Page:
Editor’s note for Tuesday, July 28, 2020

A note from today's editor of the SupChina Access newsletter.

Huawei is considering legal action against HSBC “for allegedly presenting ‘misleading evidence’ that resulted in the arrest of its chief financial officer, Mèng Wǎnzhōu 孟晚舟 in Canada,” according to the South China Morning Post.

This news comes while various Chinese state media are renewing earlier allegations that the bank was “an accomplice of a U.S. political scheme” against Meng and Huawei (see CCTV, People’s Daily). HSBC has denied the allegations.

HSBC was also called out in June by Chinese state media for not supporting the Hong Kong national security law. The bank soon complied by issuing various messages in support of the law, as did Standard Chartered and conglomerate Jardine Matheson, which also have a lot of business in Hong Kong.

My takeaway: Companies in Hong Kong that offend the Chinese government are in for a very rough ride. So is everyone else in the city: See Freedom of expression is dead in Hong Kong (July 2020), Press freedom dies in Hong Kong (October 2018), and today’s top story below.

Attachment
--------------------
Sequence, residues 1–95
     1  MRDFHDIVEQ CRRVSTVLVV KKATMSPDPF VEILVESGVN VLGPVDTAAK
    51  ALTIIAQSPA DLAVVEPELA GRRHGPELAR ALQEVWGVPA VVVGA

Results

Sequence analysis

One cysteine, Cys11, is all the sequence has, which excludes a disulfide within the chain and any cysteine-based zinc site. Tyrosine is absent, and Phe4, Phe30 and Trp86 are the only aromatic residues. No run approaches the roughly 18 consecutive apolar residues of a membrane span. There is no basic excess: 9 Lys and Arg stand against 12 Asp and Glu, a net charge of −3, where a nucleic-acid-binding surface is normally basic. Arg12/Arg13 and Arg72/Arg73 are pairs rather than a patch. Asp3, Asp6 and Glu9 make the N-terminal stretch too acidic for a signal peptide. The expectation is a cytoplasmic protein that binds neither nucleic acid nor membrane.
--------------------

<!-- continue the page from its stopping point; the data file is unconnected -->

Chengdu context:

Several readers reached out to say that our story in yesterday’s newsletter titled Locals cheer as U.S. consulate in Chengdu closes, after Houston needs some filling out. Patrick Dowdey says the reaction to the consulate’s closing that he has been getting “is pretty different” from our report. He notes people posting on social media a 1944 U.S. propaganda newsreel about how great China was and what a great ally, and lots of posts about the consul and his wife, his great Chinese, and his tour of Tibet.  

Another reader pointed out that we do not know how many of the people cheering the closure of the consulate online and in the streets of Chengdu were organized by the Party.

Our word of the day is academic freedom (学术自由 xuéshù zìyóu).

—Jeremy Goldkorn, Editor-in-Chief